In 2 Samuel 6.1-23, the Ark of the Covenant was Israel’s most sacred object. It was supposed to…
Question: How many times does something have to be recorded in scripture for it to be binding? Answer: only once.
Ephesians 5.18-21 describes worship that flows out of us when we are filled with the Spirit. Verse 19 says that singing and playing a stringed instrument to the Lord with all your hearts is one of the results of being filled with the Spirit. Although the NIV translates this phrase as an imperative, in Greek, it is the third of four coordinate participial phrases that describe the results of obeying the command (present, passive, imperative) be filled with the Spirit. The four participles (in English) are speaking, singing and playing, giving thanks and submitting. The UBS Greek text inserts a paragraph break and begins a new topic between the third and fourth participles. I think this makes it harder for us to follow Paul’s logic.
All of the participles are in the second person plural (youse), which means that Paul is addressing worship in the gathered context. Singing to musical accompaniment is one of the things that the Holy Spirit produces when we gather together and he fills us.
Colossians 3.16-17, a parallel passage, tells us that when the Word of Christ dwells in us (corporate, again the participles are all second person plural) three things result: we teach and admonish one another in all wisdom; we sing songs of praise, hymns and spiritual songs with grace in our hearts to the Lord; and we give thanks to the Lord in all things.
Both of these passages teach that when God’s people are filled with God’s presence, three things happen: speaking, singing and gratitude. Some prominent members of the Sydney Anglican Diocese teach from this passage that when we sing in worship we should address one another and not the Lord. However, if we ‘speak the Psalms’, we will find them addressing God directly. It is hard to make a clear distinction between psalms, hymns and spiritual songs.
Hebrews 13.15 doesn’t specifically mention singing, but it does talk about a sacrifice of praise as the fruit of our lips. Praise may be spoken, but often it is sung.
James 5.13 Is anyone happy? Let him sing songs of praise. We apply the following commands with respect to healing the sick. It’s okay to follow this one about worshipping by singing songs.
Three NT authors mention worship involving singing. That’s probably enough to make the point that the way we worship has ample biblical justification. There is also the matter of the largest book in the bible (The Psalms) being a collection of songs written for personal and congregational worship.
We should also note that culturally, music is huge. Even if there wasn’t a clear biblical mandate for the strong emphasis we place on worship music, cultural and contextual factors certainly provide sufficient justification. High quality contemporary worship music, which VMG has been producing for twenty years, is a powerful medium for helping western people, particularly young people, to connect with God.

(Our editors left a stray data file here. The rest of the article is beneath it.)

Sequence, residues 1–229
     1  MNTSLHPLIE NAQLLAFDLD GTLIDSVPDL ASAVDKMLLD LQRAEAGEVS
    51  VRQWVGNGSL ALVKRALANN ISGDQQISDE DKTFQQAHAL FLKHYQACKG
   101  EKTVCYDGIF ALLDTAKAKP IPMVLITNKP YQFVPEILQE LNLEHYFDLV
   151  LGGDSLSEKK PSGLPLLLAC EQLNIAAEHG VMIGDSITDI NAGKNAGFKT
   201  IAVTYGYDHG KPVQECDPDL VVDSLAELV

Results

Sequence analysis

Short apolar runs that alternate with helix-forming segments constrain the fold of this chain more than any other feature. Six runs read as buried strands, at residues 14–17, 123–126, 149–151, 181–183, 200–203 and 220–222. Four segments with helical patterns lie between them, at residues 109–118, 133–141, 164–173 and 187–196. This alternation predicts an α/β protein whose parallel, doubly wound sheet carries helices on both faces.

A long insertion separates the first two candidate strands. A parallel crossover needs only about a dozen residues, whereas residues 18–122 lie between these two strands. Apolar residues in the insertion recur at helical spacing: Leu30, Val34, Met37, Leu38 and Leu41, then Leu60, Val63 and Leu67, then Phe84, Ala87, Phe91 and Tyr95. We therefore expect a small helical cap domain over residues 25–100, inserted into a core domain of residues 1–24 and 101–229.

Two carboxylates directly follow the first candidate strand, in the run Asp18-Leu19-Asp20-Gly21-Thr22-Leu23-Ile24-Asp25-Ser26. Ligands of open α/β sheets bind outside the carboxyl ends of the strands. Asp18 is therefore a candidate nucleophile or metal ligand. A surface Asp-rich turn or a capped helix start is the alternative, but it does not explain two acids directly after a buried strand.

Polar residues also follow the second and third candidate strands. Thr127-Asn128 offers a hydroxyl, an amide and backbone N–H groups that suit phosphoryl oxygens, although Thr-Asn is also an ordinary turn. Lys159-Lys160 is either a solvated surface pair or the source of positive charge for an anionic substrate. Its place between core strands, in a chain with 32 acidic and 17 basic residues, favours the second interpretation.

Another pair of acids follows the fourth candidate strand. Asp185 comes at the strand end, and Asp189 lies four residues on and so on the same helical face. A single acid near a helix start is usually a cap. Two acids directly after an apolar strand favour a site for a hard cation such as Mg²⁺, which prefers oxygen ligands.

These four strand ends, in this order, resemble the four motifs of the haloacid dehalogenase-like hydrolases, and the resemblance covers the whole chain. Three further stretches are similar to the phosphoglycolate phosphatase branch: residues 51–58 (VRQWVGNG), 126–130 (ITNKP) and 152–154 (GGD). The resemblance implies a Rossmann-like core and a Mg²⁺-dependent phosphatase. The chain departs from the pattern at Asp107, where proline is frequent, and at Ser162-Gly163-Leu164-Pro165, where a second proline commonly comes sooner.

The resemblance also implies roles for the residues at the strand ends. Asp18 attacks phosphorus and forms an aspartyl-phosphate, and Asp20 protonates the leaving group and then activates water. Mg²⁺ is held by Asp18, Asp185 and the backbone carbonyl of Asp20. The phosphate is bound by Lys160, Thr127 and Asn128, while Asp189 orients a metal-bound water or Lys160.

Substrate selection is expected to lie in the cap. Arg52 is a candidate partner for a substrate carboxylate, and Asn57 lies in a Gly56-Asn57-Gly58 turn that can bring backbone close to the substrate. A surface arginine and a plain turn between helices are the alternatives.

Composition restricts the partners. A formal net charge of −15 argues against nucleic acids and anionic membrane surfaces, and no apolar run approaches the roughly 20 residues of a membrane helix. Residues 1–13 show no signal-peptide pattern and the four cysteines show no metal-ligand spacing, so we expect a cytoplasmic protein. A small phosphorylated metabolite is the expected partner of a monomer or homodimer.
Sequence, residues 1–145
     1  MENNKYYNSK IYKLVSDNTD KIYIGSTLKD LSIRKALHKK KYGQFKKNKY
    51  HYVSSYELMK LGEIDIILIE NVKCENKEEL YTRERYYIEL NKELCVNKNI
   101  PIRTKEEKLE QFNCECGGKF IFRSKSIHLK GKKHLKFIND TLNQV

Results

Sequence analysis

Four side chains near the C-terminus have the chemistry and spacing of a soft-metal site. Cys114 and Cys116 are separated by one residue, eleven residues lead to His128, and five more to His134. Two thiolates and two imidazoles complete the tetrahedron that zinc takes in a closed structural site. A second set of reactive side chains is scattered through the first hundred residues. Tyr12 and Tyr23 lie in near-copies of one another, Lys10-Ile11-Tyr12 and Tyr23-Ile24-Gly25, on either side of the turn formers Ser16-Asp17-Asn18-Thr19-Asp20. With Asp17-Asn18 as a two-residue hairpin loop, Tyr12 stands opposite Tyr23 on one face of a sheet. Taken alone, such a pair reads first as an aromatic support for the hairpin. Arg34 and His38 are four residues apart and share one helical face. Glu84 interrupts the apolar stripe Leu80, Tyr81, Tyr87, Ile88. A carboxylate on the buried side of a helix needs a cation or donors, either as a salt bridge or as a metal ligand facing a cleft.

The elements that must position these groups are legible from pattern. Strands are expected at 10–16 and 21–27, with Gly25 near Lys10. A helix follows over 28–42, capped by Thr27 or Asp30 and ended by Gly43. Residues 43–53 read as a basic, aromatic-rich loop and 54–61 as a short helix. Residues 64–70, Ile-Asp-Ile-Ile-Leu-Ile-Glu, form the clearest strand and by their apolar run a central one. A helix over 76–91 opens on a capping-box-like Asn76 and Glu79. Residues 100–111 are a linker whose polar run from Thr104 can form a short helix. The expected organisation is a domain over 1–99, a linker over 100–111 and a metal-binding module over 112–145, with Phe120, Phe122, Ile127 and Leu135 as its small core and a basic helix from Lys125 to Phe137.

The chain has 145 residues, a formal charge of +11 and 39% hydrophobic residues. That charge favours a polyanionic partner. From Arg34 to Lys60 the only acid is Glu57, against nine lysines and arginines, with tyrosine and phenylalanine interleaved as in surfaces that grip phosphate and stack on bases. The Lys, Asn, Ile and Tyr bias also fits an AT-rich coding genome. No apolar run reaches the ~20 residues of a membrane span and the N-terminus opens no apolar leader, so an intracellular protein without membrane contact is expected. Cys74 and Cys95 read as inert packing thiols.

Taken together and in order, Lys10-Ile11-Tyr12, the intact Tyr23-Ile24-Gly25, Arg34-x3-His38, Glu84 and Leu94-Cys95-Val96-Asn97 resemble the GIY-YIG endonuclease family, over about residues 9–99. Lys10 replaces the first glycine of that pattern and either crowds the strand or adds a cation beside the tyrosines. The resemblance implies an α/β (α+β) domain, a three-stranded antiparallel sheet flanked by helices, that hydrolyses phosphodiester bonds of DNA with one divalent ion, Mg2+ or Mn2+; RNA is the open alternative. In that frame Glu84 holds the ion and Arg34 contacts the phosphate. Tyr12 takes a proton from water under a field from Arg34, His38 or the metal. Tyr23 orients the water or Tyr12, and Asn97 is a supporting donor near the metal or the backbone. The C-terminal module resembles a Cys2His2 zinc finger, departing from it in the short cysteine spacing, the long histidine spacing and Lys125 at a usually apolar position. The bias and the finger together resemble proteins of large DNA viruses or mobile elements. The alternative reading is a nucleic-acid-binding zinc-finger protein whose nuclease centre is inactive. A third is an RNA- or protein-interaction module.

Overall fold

I know that you probably agree with me on this, and I certainly agree with your call for balance and for worship as a lifestyle. However, I believe that worship music has a crucial role to play in developing a lifestyle of worship and we shouldn’t dismiss it too lightly. I will develop this a bit more later.
Amos 5 and Isaiah 58 are prophetic condemnations issued when God’s people had forsaken the covenant. By applying these scriptures to our churches are you saying that we’re doing the same? I prefer Zephaniah 3.17 which talks about the Lord himself rejoicing over his people with singing. I’m looking forward to hearing God sing!
My conclusion, is that the emphasis we place on worship as singing is biblically justified. For me, worship music was the doorway into the things of the Holy Spirit. Unfortunately, it doesn’t seem to be that way for everyone.
The main point I’m trying to make is that worship as singing can play a key role in the corporate life of the congregation and that we might lose something essential if we downplay it. That’s not the same as saying that there are other things we should elevate and underline as well.
I don’t see worship music as the whole meal. Usually it is the opening course, preparing the way for the ministry of the word, and hopefully the ministry of the Holy Spirit. I’m a pretty word-centred guy, and the teaching of the Bible is absolutely essential to our development as disciples. But even here, I’m disappointed with the fruit of ten years of great expository teaching. The public meeting, on its own and in its present format just doesn’t get the job done.
Maybe too many people in our congregations only connect with God in the gathered context, whether through music or the word or receiving prayer. If this is true, it is not enough to transform them into faithful disciples. They have to dig their own well and drink from it every day.
My role as pastor is developing disciples and helping them to connect with God. If they connect with God, they will get it right in doing his mission, connecting in community and becoming truly spiritual people. Singing worship songs together can be a very effective gateway into God’s presence. Of course, there are many other ways to connect with God, but these other ways are harder to pursue corporately.